Europe to invest 200-300 bln euros in green power
ROME - European firms will need to invest between 200 billion and 300 billion euros in green power over the next 10 years if the European Union is to meet its target of cutting greenhouse gas emissions, an energy company said yesterday.
\"The renewable sector finally looks as like it will make it to the big time,\" Gareth Brett, managing director of Entergy Europe , told an energy conference.
The European Union wants 12 pct of energy consumption and 22 pct of electricity consumption from renewables by 2010 as part of its strategy to cut greenhouse gas emissions, widely blamed by many scientists for causing global warming.
Targets vary among member states and Britain has a goal of raising renewables\' share of electricity production to 10 percent by 2010 which will require an investment of about 18 billion euros, Brett said.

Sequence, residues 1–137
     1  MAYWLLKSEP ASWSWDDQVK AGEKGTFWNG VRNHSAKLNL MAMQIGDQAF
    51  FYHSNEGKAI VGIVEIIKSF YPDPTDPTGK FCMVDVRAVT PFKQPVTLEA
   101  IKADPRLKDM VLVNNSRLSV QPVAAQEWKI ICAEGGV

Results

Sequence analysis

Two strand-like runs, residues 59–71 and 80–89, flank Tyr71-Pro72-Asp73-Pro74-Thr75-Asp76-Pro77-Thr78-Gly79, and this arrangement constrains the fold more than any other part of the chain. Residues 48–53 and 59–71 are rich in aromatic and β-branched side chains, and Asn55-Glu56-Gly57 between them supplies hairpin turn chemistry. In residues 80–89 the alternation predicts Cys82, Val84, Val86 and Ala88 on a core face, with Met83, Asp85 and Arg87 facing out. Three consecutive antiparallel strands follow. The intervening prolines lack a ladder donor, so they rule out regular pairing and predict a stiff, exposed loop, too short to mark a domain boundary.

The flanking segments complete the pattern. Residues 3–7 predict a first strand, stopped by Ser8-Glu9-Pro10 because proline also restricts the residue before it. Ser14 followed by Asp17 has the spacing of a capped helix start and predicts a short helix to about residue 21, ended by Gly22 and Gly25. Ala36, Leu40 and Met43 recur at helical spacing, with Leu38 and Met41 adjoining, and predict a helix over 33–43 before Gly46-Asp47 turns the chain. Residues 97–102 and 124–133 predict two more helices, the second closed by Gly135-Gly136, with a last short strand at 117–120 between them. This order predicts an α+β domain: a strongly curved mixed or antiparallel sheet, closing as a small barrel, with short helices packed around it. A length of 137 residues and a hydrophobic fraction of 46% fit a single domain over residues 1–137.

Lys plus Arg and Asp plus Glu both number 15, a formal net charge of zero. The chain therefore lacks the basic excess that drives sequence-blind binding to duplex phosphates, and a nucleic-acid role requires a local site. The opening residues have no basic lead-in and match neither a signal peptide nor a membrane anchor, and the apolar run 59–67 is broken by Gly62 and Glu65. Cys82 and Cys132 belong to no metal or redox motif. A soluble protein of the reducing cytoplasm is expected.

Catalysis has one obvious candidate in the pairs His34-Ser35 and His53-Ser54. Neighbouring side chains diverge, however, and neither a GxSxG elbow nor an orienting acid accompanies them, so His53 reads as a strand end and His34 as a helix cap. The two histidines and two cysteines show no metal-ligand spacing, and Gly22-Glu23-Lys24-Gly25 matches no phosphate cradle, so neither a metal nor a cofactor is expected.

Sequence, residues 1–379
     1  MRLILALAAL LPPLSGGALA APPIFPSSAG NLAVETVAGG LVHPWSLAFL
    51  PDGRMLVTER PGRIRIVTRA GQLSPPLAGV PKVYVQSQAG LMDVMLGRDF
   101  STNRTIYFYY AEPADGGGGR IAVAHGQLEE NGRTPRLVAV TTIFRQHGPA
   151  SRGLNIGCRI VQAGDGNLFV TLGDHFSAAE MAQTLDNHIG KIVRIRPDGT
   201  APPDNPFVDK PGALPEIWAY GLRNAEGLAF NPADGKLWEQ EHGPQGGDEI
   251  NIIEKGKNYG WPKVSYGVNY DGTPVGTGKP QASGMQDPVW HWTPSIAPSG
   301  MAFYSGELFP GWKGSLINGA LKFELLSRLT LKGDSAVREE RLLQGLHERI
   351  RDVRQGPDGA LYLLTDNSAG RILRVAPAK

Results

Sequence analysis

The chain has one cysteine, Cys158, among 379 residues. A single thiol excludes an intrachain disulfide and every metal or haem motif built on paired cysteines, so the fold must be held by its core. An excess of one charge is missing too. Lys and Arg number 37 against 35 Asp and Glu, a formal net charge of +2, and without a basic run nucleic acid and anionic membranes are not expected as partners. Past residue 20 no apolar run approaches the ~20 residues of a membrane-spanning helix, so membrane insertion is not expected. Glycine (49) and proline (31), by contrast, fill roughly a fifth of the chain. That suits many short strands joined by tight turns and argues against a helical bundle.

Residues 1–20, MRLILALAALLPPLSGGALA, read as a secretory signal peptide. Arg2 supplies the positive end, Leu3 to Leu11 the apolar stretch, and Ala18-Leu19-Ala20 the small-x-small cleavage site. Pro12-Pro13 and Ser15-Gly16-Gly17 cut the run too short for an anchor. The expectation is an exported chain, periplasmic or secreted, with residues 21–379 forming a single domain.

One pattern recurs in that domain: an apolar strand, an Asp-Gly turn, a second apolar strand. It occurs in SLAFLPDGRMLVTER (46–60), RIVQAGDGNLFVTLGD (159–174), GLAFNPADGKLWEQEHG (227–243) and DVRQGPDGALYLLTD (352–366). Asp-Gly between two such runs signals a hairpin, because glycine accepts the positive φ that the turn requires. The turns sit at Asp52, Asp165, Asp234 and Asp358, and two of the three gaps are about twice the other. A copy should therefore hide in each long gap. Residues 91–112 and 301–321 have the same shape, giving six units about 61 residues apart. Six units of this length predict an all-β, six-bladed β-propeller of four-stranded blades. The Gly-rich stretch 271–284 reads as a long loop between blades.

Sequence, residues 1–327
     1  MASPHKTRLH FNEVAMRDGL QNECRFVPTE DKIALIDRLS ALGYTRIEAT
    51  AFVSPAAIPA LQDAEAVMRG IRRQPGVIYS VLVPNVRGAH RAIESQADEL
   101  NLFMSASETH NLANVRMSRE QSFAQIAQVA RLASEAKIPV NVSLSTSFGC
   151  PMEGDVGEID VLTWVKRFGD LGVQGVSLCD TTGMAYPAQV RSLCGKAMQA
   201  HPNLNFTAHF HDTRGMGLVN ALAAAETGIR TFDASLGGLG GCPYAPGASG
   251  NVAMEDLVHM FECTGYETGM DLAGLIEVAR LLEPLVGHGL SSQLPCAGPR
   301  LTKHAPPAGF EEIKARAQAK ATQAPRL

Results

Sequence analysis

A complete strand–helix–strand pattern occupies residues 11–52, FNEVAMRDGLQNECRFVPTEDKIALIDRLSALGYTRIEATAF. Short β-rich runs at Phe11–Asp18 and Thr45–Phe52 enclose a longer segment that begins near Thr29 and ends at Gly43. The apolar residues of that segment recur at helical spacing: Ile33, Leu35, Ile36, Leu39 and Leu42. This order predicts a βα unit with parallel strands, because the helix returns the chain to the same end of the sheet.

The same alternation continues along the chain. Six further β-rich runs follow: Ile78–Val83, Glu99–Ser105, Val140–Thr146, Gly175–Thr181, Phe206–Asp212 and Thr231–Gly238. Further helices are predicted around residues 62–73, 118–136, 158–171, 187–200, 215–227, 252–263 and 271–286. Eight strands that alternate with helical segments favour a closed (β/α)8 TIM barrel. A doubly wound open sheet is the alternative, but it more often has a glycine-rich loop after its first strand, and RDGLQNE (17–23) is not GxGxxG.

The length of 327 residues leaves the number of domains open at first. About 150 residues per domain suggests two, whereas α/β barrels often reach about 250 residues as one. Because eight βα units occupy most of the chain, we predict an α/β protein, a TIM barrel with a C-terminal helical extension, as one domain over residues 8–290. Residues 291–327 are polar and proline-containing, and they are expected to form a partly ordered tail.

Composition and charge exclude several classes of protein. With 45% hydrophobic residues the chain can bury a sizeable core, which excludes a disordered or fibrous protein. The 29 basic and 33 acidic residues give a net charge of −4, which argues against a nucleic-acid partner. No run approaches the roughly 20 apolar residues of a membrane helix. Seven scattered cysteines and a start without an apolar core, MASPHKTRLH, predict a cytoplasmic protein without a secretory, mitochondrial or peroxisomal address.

\"This translates into between 200 and 300 billion euros of investment in Europe which is a big opportunity for capital providers,\" he told the Power Finance conference organised by WBR.
Britain\'s plans would raise the country\'s green power output to 43 terawatt hours, the equivalent of 16,000 wind turbines, he added.
To kickstart the renewables industry, the UK has ordered suppliers to provide three percent of their power from green sources which creates a guaranteed market for green power.
In Italy, a similar system is in place with companies able to trade green certificates, verifying their output is from proper renewable sources, this year.
Brett said the sector should also receive a boost from the recent purchase by GE of Enron Wind, which brings a large industrial player into the green power industry.
Entergy, which has a 30 megawatt wind project underway in Italy, has recently put a hold on new developments including the renewable sector to reduce capital spending in the U.S. and Europe.
Brett said the company will continue work on other projects in Spain and Bulgaria although these may eventually be sold.
\"We will see through these developments but we might not hang onto them forever,\" he said.
REUTERS NEWS SERVICE
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